She gave him his lunch and a hug, and then, he was all alone on the mountain. With the sheep.

His senses were heightened. He was alert to every sound, every breeze. He could hear his heart racing in his ears. He kept telling himself that there was nothing to be scared of, look at the sheep, they are all grazing peacefully. If there was any danger, they would sense it too right?

He felt his hands ache and realised he had been holding on to the shepherd stick too tightly. Forcing himself to relax his grip, he made his way to the giant tree and sat right next to the alarm button.

What if it doesn’t work? he wondered. Nobody had pressed the button for years. How would they know if it still worked? What if, it failed when it mattered most?

That thought made his hand rush up even before he knew what he was doing. And suddenly, there was a loud emergency siren wailing.

Within minutes, the villagers’ help teams arrived. Armed with all sorts of weapons, they charged up the mountain with worried looks on their faces.

“Where’s the boy!” “What happened?” “Are you OK?”

As everybody surrounded him with faces that expected answers, he forced himself to swallow down his embarrassment.

“There’s nothing. I’m so sorry. I just wanted to make sure that the button still worked.”

Worried faces turned to disbelief.

Jenna appeared, pulling him away by the arm. “I told you not to press the button unless there was real trouble!”

He wanted to cry. “I’m sorry I’m sorry!”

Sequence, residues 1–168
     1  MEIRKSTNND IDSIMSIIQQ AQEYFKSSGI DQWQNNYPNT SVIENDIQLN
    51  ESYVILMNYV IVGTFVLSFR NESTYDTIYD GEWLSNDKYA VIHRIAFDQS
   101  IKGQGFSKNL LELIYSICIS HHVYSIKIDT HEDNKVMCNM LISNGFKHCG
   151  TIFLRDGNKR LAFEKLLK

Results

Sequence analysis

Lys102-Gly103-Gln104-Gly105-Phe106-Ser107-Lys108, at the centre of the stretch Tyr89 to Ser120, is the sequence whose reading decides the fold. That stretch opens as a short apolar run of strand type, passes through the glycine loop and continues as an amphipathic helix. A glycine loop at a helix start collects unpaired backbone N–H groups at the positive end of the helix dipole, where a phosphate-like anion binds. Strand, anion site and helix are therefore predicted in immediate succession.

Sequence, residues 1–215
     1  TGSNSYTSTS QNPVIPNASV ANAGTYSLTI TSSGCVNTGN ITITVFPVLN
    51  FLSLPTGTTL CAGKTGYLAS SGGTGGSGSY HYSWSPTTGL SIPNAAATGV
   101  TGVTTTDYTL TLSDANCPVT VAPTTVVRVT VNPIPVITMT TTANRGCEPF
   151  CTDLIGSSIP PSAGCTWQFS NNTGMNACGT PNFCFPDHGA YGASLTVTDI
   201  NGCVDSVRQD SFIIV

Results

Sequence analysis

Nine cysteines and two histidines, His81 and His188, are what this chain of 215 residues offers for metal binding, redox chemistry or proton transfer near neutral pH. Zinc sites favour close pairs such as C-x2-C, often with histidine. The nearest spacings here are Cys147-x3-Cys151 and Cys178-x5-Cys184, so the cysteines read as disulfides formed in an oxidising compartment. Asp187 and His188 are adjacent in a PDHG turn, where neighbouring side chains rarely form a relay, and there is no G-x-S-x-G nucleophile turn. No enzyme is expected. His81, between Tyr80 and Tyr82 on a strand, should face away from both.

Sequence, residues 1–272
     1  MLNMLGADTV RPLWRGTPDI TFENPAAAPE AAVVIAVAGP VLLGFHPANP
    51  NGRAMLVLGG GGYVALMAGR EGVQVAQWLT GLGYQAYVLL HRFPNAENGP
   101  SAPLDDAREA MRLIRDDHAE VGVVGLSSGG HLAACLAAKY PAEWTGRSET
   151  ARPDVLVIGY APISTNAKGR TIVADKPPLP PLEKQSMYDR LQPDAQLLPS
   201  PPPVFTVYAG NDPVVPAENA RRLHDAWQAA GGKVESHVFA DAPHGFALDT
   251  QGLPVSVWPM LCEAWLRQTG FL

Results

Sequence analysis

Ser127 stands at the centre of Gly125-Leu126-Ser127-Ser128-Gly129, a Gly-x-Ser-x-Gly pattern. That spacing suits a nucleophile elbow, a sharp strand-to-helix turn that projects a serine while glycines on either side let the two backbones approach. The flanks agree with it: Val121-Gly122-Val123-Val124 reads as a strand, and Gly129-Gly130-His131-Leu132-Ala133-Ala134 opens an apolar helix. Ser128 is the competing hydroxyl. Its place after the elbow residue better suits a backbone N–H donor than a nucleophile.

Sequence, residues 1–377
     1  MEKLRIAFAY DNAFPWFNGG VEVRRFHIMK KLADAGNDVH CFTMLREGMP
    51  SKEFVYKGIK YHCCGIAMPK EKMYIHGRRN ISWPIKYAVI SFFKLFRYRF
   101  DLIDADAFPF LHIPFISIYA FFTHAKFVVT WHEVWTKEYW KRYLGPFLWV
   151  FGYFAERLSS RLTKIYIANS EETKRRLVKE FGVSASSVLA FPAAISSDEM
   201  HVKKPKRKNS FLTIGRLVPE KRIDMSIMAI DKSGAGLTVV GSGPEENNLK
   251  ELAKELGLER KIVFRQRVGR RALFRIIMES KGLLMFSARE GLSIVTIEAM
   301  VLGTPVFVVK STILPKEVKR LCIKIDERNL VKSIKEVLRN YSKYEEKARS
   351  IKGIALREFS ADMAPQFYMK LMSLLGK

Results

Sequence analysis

She took a deep breath and turned to face the villagers. “I’m so sorry everyone. It’s his first day up here and I think he was just overcome by nerves.”

As the villagers left, grumbling, Jenna looked at him in the eyes. “Remember, don’t press the button unless it’s absolutely life and death OK? This is an emergency button and everyone takes it very seriously. It’s not a play thing.”

“I’m sorry.” He couldn’t bear to look at her.

She sighed and gave him a little pat on the arm. “It’s alright, little brother. It’s your first day after all. You’ll be alright. You’re a brave boy.”

The second time he pressed the emergency button, he had all the reasons to be alarmed. There was not one, but two dead bunnies lying on the pathway. It could be understood if one was killed, but two? It must have been something sinister. And there was the rustling at the bush, even when there was no breeze.

Again, within minutes of the siren wailing, the villagers’ help team arrived. Although, there seemed to be a smaller team than before. His sister Jenna was the first to reach him, panting and worried.